I am able to successfully transmit messages from the Teensy to the ecu that I am using. (YAY)

    Now I am trying to receive messages from the ecu back to the Teensy. My original thought was to just do a Can2.read(msg), but how do I go about manipulating the message (since the can packet is only able to hold 8 bytes of data and I have 2 bytes of data I want to manipulate). Is this where mailboxes come into play? Since the posts above me have been discussing that.

    I hope I actually asked a question that makes sense, I will share my code but just know I'm still learning coding and it might not totally make sense.

    Code:
    #include <FlexCAN_T4.h>
    
    FlexCAN_T4<CAN2, RX_SIZE_256, TX_SIZE_16> Can2;
    CAN_message_t msg,
    
    uint16_t Analog_In_38;
    bool Digital_In_28;
    bool Digital_In_29;
    float Engine_RPM;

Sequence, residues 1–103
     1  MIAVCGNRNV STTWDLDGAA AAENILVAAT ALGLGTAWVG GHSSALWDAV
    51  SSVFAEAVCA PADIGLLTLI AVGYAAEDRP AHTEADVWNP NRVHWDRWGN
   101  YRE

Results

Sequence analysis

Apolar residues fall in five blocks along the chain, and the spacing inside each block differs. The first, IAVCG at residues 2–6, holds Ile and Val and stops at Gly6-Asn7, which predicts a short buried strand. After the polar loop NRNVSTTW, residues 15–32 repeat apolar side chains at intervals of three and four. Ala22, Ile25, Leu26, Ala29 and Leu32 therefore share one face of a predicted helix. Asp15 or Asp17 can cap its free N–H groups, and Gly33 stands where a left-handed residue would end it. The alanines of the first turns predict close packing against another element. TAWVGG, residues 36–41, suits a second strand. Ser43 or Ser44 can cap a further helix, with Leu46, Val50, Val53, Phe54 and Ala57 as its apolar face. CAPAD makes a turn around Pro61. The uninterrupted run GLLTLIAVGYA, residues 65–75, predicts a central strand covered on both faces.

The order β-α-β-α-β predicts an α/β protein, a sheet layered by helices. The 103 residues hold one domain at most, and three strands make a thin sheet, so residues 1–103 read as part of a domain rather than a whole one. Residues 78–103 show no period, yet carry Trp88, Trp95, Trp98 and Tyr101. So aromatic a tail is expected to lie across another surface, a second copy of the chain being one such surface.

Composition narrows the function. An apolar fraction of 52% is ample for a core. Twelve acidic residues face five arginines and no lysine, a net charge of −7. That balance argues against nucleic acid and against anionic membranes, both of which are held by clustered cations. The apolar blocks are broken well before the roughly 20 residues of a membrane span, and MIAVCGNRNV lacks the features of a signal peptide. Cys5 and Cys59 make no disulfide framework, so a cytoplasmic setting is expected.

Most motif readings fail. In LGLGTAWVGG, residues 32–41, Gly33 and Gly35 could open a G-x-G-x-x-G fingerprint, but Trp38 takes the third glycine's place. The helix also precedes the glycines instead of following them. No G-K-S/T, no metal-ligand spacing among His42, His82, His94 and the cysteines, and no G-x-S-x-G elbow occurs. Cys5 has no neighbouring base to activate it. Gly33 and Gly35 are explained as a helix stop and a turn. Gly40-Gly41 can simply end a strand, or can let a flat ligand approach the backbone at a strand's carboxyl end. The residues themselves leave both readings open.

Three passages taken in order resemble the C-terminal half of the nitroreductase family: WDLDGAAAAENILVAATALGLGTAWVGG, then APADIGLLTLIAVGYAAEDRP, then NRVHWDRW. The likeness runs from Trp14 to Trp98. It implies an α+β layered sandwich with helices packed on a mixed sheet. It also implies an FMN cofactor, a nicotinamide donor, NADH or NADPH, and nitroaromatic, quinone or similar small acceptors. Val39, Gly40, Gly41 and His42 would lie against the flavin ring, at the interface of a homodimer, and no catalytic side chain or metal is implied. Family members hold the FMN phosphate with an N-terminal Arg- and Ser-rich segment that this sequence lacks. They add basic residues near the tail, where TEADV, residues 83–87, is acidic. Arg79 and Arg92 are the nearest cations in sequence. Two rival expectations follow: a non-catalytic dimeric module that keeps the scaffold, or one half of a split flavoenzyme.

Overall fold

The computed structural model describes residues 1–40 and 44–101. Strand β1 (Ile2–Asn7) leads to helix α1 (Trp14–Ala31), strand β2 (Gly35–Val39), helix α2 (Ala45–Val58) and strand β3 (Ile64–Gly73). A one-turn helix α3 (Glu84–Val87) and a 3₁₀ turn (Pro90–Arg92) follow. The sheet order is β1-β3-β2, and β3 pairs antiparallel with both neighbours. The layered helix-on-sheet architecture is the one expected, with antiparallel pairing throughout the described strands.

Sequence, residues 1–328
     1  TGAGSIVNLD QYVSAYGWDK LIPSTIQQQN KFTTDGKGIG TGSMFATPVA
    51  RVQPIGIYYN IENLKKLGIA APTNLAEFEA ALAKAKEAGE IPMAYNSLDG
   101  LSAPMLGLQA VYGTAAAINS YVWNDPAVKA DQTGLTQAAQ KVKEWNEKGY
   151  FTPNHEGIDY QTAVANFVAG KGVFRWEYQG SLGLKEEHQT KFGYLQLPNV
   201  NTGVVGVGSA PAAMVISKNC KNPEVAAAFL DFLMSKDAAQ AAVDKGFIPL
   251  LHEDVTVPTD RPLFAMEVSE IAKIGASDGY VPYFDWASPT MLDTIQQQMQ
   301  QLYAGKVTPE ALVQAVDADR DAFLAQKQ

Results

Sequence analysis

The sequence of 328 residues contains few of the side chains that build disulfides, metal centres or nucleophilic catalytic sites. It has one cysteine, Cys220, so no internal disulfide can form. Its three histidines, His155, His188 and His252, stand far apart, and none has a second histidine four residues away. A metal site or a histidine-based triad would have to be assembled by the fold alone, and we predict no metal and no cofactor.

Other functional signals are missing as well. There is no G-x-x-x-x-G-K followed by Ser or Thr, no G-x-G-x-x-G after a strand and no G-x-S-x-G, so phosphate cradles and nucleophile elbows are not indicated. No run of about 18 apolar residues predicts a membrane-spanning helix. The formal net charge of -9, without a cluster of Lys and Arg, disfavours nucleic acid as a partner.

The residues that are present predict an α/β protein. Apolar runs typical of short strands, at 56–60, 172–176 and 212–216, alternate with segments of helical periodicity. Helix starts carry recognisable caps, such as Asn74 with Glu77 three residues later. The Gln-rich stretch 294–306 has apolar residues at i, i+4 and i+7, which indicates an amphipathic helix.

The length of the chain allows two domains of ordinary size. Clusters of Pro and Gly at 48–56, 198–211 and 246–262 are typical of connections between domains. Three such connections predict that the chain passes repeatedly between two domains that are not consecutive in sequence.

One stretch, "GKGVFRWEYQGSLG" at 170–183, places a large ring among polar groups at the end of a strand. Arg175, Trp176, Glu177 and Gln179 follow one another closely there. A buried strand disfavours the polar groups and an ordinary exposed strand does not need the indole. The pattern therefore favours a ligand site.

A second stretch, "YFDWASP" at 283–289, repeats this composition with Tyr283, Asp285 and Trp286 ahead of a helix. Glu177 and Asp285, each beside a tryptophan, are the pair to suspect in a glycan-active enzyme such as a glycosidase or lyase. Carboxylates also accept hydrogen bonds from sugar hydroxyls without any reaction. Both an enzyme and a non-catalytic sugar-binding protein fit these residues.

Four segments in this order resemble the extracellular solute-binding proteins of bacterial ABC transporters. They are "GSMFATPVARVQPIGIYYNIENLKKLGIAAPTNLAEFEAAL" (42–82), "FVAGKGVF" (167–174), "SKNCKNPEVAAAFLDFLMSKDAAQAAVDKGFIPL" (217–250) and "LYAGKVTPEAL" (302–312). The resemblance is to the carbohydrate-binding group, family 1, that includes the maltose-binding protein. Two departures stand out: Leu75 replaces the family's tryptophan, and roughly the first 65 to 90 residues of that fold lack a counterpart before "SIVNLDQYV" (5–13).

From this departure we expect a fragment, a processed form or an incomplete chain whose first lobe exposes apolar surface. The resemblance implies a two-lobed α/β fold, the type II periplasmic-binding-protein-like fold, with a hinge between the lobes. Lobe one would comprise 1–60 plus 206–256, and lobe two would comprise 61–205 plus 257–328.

int8_t CoolantTempIn;
    int8_t CoolantTempOut;
    bool CoolFanStatus;
    bool CoolPumpStatus;
    byte EngineRPM_MSB;
    byte EngineRPM_LSB;
    
    void setup(void) 
    {
      pinMode(28,INPUT_PULLUP);
      pinMode(29,INPUT_PULLUP);
      pinMode(30,INPUT_PULLUP);
    
      Can2.begin();
      Can2.setBaudRate(1000000);
      
    }
    
    void loop() 
    {
      Digital_In_28 = digitalRead(28);
      Digital_In_29 = digitalRead(29);
      Analog_In_38 = analogRead(38);
    
      byte Analog38_LSB = Analog_In_38 & 0x00FF;
      byte Analog38_MSB = Analog_In_38 >>8;
    
      msg.id = 0x500;
      msg.len = 8;
      msg.buf[0] = Analog38_MSB;